FOM: Standards of mathematical rigour and logical consequence

Charles Silver csilver at
Mon Nov 2 15:37:08 EST 1998

C. Silver wrote:
> >         I find your finitistic viewpoint very interesting, but there are a
> > couple of things I don't understand....

Vladimir Sazonov answered:
> Before a set theory and then model theory and Goedel 
> completeness theorem arose, say, in the time of Euclid there 
> were no *set-theoretically defined* logical consequence 
> relation. There were essentially syntactical (in a broad sense 
> of this word) rules of "correct" reasoning.  Newcomers learned 
> these rules by training, i.e. as given and, of course by some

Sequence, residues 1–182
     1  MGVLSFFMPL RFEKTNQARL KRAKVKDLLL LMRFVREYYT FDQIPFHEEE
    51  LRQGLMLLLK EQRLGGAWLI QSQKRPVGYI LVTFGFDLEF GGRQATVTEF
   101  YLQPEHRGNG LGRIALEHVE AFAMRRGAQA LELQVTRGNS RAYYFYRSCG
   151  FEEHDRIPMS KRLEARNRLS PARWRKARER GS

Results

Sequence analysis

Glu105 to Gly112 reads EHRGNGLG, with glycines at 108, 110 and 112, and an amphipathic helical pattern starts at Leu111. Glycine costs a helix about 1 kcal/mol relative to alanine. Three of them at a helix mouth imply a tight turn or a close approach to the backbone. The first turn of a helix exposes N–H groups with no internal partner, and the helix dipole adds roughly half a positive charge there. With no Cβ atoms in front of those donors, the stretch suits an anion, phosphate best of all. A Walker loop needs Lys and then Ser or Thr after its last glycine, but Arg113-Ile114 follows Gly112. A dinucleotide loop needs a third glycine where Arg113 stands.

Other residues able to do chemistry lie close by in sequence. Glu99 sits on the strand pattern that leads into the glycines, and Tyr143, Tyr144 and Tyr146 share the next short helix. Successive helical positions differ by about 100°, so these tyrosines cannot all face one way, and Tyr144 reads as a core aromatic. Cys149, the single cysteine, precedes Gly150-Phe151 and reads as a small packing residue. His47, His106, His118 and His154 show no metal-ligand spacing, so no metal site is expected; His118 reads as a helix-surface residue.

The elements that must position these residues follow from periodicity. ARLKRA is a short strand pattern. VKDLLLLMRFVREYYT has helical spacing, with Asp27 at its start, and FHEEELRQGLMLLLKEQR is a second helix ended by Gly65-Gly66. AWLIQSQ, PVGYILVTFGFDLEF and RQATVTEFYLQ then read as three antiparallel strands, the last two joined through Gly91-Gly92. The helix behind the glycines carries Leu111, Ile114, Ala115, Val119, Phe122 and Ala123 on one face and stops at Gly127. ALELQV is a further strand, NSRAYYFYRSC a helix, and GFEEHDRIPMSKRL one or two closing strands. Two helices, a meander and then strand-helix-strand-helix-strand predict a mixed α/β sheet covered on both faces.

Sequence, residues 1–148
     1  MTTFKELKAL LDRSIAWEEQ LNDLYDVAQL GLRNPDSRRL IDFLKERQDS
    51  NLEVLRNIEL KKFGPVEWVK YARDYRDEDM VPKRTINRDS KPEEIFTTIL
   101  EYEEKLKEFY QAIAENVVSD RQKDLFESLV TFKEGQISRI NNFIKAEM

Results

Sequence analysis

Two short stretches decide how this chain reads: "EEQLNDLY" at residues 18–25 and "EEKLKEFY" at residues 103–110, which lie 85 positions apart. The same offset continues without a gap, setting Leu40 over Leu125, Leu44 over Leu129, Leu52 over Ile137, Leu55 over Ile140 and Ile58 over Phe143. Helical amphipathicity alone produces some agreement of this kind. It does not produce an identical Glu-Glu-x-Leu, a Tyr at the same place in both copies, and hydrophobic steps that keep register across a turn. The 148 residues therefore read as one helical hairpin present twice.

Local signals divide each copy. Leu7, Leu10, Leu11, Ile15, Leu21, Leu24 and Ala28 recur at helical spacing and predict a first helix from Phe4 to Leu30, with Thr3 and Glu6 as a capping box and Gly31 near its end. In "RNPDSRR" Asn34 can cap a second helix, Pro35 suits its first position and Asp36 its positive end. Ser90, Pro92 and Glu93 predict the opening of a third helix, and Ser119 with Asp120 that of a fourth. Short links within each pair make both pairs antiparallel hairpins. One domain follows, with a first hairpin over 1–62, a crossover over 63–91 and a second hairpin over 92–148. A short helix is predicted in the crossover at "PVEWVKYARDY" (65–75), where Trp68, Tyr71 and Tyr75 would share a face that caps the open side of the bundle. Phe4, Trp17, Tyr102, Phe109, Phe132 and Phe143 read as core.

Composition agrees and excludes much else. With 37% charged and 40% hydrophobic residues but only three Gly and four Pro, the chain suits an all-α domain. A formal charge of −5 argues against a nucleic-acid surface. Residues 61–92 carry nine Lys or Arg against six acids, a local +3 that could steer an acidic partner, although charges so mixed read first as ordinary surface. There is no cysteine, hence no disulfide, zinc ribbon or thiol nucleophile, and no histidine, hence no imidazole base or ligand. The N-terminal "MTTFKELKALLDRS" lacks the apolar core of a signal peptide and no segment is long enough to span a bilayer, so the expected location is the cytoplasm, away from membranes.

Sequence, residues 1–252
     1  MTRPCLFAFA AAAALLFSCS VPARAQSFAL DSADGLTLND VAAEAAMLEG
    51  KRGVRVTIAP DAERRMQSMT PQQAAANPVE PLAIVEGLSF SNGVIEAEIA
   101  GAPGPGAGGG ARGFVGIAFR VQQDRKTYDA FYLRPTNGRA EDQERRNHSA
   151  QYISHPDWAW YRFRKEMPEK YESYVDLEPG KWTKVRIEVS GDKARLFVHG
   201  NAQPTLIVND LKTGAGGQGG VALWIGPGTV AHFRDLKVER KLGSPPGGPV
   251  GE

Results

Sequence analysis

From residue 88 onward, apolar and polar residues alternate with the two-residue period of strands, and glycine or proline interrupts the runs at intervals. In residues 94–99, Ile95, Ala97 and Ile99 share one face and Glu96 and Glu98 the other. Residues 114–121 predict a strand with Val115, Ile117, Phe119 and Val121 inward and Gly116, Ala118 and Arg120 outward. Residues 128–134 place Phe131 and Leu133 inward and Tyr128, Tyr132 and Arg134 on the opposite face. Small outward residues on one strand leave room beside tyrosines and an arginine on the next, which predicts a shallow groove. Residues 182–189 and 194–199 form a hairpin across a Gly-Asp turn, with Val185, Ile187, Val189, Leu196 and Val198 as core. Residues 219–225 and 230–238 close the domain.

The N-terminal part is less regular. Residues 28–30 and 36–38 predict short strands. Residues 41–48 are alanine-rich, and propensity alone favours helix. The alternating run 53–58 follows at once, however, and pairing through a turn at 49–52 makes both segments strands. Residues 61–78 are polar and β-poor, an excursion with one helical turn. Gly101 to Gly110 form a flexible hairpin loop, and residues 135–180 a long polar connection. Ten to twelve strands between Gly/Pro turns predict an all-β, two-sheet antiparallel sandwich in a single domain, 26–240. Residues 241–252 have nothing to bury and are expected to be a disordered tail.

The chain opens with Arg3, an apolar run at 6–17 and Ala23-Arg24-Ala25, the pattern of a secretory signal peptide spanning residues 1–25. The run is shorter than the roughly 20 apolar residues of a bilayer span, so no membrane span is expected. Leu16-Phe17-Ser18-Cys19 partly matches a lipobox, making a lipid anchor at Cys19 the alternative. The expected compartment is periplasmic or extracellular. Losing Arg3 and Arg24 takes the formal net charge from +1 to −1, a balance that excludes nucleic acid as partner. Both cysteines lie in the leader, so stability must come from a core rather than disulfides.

> appeal to geometrical and other intuition.  These rules arose 
> (due to also some peoples, professional mathematicians) 
> according to and SIMULTANEOUSLY WITH creating this intuition.  
> Each newcomer simply repeat in a shorter way this creation 
> process with the help of a teacher. But he, of course, more 
> learn, sometimes even grind than create himself. 

	Thank you for your long post.  I think I now understand your
viewpoint better.

> Is FOL 
> "really" complete? (Cf. also my paper in LNCS 118 (1981)).  May 
> be we "really" should have a kind of incompleteness of FOL?  Or 
> should/can we just consistently(?) *postulate* completeness 
> which also seems plausible and is very desirable? 

	I would like to understand in what sense FOL is not "really"
complete.  Could you please furnish the title and page numbers of your
article?  Thank you.

Charlie Silver

More information about the FOM mailing list